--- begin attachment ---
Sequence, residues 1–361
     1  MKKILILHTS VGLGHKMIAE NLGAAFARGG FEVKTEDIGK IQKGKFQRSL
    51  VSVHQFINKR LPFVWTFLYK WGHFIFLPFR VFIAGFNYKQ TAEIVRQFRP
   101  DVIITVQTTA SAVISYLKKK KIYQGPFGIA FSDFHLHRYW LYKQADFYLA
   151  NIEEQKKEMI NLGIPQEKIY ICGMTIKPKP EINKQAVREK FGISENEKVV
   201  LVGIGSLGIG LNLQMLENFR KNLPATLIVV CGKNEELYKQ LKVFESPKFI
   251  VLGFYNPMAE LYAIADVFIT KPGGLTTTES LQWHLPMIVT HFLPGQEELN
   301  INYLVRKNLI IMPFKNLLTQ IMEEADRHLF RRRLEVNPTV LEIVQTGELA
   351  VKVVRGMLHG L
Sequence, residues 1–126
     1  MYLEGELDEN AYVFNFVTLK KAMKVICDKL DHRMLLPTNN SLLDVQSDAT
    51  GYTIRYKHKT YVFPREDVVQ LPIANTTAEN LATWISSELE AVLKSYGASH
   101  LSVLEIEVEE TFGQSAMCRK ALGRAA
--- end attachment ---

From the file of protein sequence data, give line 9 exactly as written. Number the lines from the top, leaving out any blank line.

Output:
   351  VKVVRGMLHG L